News on SERI’s conferences, symposiums, and seminars.
Samsung Economic Research Institute (SERI) jointly opened a seminar on the development of the Korean economy with Vietnam’s Development Strategy Institute (DSI) at the Hanoi InterContinental Hotel on September 30th 2013. On the same day, the Samsung Group and Vietnamese government entered into a strategic partnership and agreed to closely cooperate with regards to investment for Vietnam’s future economic development, making the seminar more significant.
Under the title “Economic Development of Korea and Vietnam: Sharing Experiences, New Opportunities,” the aim of the seminar was to share and exchange knowledge from Korea’s rapid growth and Vietnam’s future development strategy. The seminar was comprised of three sessions, with over 200 guests in attendance including Vietnamese government officials, DSI researchers, academics, diplomats, CEOs and of course the media. The seminar commenced with opening remarks from SERI President and CEO Chung Ki-Young, and former Ambassador of Vietnam and current Deputy Minister of the Ministry of Planning and Investment, Nguyen Van Tung.
SERI Vice President and Director of the Global Studies Department, Hwang In-Seong led Session I with a presentation on the miracle on the Han River and the success factors, and gave an overview of Korea’s economic development. Dr. Hwang explained that households, businesses and the government were able to form a ‘trinity’ for Korea’s development and successfully performed their roles within the economy. He added that corporations like Samsung have now received that baton from the government to lead a private-led growth. DSI President Bui Tat Thang followed with a presentation on the current status of the Vietnamese economy and its development strategy.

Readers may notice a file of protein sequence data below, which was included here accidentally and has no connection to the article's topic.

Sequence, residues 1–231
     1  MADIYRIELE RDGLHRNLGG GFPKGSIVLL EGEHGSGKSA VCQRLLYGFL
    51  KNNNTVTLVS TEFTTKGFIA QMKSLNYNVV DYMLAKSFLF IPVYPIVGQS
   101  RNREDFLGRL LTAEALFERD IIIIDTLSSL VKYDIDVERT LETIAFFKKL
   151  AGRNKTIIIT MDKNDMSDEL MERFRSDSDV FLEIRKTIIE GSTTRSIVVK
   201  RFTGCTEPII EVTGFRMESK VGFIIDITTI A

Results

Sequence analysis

Session II offered an overview of Korea’s phased industrialization and the industrial policies that allowed this, and the underlying success factors. SERI research fellow Rhee Tae-hwan stressed that the strength of the Korean economy is industrial competitiveness based on a wide spectrum which spans across agriculture to cutting edge technology. He also noted that the government’s planning and preemptive investments in infrastructure and export-oriented industrial policies gave Korea’s industrialization much needed momentum. The presentation was followed by a panel discussion, chaired by the Dean of the KDI School of Public Policy, Nam Sang-Woo, on topics such as the requirements to escape the “middle income trap.”
Session III explored how clusters were built and transformed during Korea’s economic development. Through this final session led by SERI senior fellow Bok Deuk-Kyu, participants were able to learn about the transformation stages of Korea’s industrial clusters. Using a two-dimensional diagram with one axis categorizing the initiator (government-led vs. market-led) and the other classifying the basis (innovation-based vs. industry-based), Dr. Bok explained that the clusters can be grouped into four categories. The ensuing panel discussed the current status of Vietnam’s industrial cluster project and the drawbacks as well as the requirements for establishing a successful cluster.
After the sessions, participants were given the opportunity to exchange their knowledge and ideas over lunch. The seminar will allow both SERI and DSI to establish stronger human networks and was an opportunity to strengthen Korea and Vietnam’s future cooperation.